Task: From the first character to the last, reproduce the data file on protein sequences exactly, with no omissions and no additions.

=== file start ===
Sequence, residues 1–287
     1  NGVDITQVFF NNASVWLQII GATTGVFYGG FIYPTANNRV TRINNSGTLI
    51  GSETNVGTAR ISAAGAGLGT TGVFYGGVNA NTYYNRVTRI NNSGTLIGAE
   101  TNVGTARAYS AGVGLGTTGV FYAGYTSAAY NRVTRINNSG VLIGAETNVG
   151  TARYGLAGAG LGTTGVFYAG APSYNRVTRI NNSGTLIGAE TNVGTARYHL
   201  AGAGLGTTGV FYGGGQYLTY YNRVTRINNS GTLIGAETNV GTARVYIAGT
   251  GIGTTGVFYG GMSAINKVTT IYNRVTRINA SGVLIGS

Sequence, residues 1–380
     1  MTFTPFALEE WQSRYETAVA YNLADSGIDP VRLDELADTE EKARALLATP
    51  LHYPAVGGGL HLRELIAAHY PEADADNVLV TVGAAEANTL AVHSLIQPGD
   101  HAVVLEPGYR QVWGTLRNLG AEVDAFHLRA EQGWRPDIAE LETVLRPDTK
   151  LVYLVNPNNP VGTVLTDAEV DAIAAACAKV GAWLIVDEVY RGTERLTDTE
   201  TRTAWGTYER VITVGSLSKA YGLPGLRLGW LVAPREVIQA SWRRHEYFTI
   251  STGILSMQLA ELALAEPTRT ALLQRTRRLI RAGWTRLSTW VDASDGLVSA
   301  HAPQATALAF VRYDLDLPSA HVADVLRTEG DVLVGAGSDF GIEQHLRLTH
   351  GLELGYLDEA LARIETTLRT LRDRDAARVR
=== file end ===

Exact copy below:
Sequence, residues 1–287
     1  NGVDITQVFF NNASVWLQII GATTGVFYGG FIYPTANNRV TRINNSGTLI
    51  GSETNVGTAR ISAAGAGLGT TGVFYGGVNA NTYYNRVTRI NNSGTLIGAE
   101  TNVGTARAYS AGVGLGTTGV FYAGYTSAAY NRVTRINNSG VLIGAETNVG
   151  TARYGLAGAG LGTTGVFYAG APSYNRVTRI NNSGTLIGAE TNVGTARYHL
   201  AGAGLGTTGV FYGGGQYLTY YNRVTRINNS GTLIGAETNV GTARVYIAGT
   251  GIGTTGVFYG GMSAINKVTT IYNRVTRINA SGVLIGS

Sequence, residues 1–380
     1  MTFTPFALEE WQSRYETAVA YNLADSGIDP VRLDELADTE EKARALLATP
    51  LHYPAVGGGL HLRELIAAHY PEADADNVLV TVGAAEANTL AVHSLIQPGD
   101  HAVVLEPGYR QVWGTLRNLG AEVDAFHLRA EQGWRPDIAE LETVLRPDTK
   151  LVYLVNPNNP VGTVLTDAEV DAIAAACAKV GAWLIVDEVY RGTERLTDTE
   201  TRTAWGTYER VITVGSLSKA YGLPGLRLGW LVAPREVIQA SWRRHEYFTI
   251  STGILSMQLA ELALAEPTRT ALLQRTRRLI RAGWTRLSTW VDASDGLVSA
   301  HAPQATALAF VRYDLDLPSA HVADVLRTEG DVLVGAGSDF GIEQHLRLTH
   351  GLELGYLDEA LARIETTLRT LRDRDAARVR